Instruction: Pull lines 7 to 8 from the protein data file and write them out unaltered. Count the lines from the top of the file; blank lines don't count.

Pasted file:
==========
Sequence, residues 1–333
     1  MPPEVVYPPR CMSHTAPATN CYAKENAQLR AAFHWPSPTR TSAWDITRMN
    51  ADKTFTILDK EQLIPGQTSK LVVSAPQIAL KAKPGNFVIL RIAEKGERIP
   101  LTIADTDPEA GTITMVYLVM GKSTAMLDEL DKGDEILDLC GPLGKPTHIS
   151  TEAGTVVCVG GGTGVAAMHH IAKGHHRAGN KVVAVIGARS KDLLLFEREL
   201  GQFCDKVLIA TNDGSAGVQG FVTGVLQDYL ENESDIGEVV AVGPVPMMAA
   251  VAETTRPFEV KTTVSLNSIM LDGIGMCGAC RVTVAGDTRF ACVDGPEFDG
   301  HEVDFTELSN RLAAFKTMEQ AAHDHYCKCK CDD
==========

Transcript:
   251  VAETTRPFEV KTTVSLNSIM LDGIGMCGAC RVTVAGDTRF ACVDGPEFDG
   301  HEVDFTELSN RLAAFKTMEQ AAHDHYCKCK CDD